Plastic bicycle

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The Itera plastic bicycle.

A small number of plastic bicycle models have been produced. A notable example is the Itera Plastic Bicycle, a 1980s Swedish attempt to modernize the bicycle by replacing metal with injection moulded plastic composite materials. The project ended in technical and commercial failure after three years.


In December 1977, Volvo in Gothenburg wanted to produce minicars and investigated conditions and designs. In January 1978, it proposed plastic composite materials in many parts of the car. Other products were considered, the bicycle one of them. In October 1978, a grant of SEK 54,000 from the Swedish National Board for Technical Development financed a prototype plastic bicycle. In February 1980, a rideable bicycle was demonstrated to the state-owned bank and a loan of SEK 6 million granted. In March 1980, Itera Development Center AB was born to design, produce, and market composite-material bicycles.

In September 1981, the first bicycles were shown to retailers and the press. Nationwide advertising was scheduled for spring 1982. The bikes were delivered unassembled with tools provided in the box. In autumn 1981, more than 100,000 Swedes indicated they were interested. In February 1982,[1] production started in Vilhelmina. Sales were slow and the news media lost interest. The fact that not every box contained every part to assemble a bicycle frustrated many customers.

The following year was worse. Boxes of bicycles piled up in shops. Among them were returns, mostly with broken parts. Where metal bends, plastic breaks. Getting replacements was not simple as the parts were incompatible with other bikes. Attempts to save the project were unsuccessful.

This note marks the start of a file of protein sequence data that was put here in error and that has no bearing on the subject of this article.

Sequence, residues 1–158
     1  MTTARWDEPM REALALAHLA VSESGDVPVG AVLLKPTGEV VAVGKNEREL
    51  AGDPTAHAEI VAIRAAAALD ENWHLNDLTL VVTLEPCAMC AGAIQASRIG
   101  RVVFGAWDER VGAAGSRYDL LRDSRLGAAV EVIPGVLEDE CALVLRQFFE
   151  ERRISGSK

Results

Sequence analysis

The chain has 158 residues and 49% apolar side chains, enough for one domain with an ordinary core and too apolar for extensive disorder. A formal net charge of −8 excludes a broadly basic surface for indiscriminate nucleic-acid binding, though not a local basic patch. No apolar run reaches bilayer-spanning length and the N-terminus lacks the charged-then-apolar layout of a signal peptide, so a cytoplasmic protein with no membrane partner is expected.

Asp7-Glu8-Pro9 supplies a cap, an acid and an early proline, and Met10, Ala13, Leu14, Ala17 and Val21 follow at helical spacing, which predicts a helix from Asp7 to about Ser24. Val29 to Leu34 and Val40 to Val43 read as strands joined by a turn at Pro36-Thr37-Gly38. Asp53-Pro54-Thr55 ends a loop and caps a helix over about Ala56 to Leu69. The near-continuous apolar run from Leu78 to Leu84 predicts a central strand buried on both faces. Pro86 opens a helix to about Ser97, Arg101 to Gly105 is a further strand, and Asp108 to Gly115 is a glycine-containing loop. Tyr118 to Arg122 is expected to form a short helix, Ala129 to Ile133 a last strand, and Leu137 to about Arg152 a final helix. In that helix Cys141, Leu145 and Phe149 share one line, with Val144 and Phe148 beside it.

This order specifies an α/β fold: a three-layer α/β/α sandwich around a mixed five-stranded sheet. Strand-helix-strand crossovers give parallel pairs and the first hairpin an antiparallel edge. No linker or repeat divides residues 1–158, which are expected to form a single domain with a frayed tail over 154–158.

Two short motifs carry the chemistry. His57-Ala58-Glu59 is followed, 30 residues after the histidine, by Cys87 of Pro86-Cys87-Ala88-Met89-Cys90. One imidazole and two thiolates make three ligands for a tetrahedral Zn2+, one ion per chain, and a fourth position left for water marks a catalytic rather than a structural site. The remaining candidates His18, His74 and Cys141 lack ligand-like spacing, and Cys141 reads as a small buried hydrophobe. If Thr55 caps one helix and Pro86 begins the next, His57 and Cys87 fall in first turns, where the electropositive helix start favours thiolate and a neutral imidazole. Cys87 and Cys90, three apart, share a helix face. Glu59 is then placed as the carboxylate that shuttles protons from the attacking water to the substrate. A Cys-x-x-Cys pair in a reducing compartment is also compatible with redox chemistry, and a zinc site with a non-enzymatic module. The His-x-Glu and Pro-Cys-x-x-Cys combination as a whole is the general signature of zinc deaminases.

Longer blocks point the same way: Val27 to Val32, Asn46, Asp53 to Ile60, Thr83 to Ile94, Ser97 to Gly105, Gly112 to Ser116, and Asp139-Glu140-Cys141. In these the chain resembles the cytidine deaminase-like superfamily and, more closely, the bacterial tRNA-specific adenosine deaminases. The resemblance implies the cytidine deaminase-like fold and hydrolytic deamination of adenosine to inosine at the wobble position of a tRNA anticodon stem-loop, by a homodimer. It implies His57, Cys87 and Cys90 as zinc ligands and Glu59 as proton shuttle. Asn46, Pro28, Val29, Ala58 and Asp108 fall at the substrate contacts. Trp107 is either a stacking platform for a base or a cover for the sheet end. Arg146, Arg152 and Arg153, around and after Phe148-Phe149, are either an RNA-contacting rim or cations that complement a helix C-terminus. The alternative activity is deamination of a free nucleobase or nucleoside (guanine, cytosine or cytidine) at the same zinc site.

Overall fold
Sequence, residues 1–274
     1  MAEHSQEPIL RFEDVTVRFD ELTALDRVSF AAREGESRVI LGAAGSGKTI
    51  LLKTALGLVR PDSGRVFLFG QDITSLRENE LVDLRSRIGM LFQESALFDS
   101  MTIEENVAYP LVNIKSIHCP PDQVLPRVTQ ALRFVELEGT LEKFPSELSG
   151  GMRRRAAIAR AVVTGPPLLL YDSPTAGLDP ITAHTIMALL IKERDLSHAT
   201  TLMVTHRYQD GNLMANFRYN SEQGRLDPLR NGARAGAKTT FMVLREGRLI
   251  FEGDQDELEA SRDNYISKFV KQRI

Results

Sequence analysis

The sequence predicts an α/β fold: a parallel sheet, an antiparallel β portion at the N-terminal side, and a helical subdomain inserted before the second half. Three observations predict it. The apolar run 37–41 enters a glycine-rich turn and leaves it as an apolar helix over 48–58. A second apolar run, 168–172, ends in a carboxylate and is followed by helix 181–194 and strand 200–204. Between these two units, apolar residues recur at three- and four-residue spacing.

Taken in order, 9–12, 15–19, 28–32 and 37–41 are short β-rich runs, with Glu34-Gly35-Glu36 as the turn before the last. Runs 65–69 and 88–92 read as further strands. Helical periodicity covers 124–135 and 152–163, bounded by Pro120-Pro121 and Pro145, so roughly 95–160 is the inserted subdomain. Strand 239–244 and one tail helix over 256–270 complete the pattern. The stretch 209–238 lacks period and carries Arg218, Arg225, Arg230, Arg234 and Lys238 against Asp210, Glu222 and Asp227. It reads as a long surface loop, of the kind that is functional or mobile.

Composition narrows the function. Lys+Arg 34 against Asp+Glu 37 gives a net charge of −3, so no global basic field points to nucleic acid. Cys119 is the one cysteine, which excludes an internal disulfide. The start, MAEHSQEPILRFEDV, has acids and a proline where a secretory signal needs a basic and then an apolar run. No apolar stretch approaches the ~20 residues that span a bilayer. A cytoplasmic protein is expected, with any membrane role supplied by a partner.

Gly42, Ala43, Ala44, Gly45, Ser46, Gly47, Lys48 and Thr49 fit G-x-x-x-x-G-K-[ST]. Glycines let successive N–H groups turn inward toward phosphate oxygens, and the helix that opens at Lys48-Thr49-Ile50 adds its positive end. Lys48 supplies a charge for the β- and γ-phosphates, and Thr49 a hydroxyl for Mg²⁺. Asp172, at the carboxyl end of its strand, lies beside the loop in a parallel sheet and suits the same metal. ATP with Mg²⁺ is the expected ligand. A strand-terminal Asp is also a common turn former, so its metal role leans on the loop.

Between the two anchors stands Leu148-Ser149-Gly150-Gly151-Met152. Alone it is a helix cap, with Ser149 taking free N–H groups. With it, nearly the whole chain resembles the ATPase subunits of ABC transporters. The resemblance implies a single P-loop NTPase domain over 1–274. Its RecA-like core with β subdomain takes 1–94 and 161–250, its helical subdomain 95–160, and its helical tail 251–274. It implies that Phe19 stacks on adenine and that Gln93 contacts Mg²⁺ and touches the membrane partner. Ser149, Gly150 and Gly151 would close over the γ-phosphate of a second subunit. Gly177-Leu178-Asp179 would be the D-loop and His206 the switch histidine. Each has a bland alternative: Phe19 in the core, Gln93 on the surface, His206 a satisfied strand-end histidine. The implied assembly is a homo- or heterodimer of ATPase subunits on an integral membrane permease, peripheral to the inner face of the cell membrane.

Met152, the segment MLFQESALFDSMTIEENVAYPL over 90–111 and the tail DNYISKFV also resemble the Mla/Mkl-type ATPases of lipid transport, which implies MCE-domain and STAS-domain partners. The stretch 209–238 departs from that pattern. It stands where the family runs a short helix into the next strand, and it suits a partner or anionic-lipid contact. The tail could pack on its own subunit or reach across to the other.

In 1983, 1,000 Itera bicycles were purchased for a national five-day orienteering contest. They were rented to participants who were invited to buy them after the contest. All were sold. It showed there was a market but it was too late. Campaigns such as lower prices failed. Production ended in 1985. Approximately 30,000 Itera bicycles were produced. The stock was sold to the Caribbean region where they became popular as rust is a problem with metal bicycles.[2]

Other plastic bikes[edit]

This was not the first attempt at a plastic bicycle. Popular Science featured ads in 1973 from "The Original Plastic Bike Inc", with plans to make the bicycle - including the chain and hubs, possibly excluding the spokes - entirely from injection-molded Lexan.[3][4] The company was founded on December 15, 1971 by John P. Marzullo, Roger Stark, and William Thompson, based on ideas by Joseph Dorrity and Charles Cadorette. It is unknown whether the company sold a single bicycle, but some prototypes were made. The claim was that it would weigh less than 17 pounds, but would be stronger than steel.[5]

The EADS Airbike is a bicycle constructed from laser-formed nylon powder and made by EADS.[6][7]

The FRII Injection molding recycled plastic bicycles is a rather new design, from 2011. It is to be made entirely from injection-molded recycled plastic. The chair set can be pulled out and replaced to adjust to the height of the rider.[8] It is to be produced by local industries for economy and ecological reasons, as its manufacture process is simple and low cost in large quantities. Designer: Dror Peleg, a graduate of Bezalel Academy of Art and Design in Jerusalem.[9]

See also[edit]


  1. ^ Lunds universitet Archived 2011-07-19 at the Wayback Machine
  2. ^ Lasse Collin. "Evighetsmaskinen" (in Swedish).
  3. ^ "Original Plastic Bike". Archived from the original on 2015-05-28.
  4. ^ Popular Science ad
  5. ^ Everything You Always Wanted to Know About the Original Plastic Bike (1973)
  6. ^ BBC: Bristol engineers invent nylon bicycle strong as steel (Flash). BBC.
  7. ^ Ny Teknik: Airbike byggs av nylonpulver
  8. ^ Article about FRII at DesignBoom
  9. ^ Bezalel graduation projects report, Hebrew and English

Further reading[edit]

  • Jan Hult. The Itera Plastic Bicycle. Social Studies of Science, Vol. 22, No. 2, Symposium on 'Failed Innovations' (May, 1992), pp. 373–385

External links[edit]

All links are in Swedish: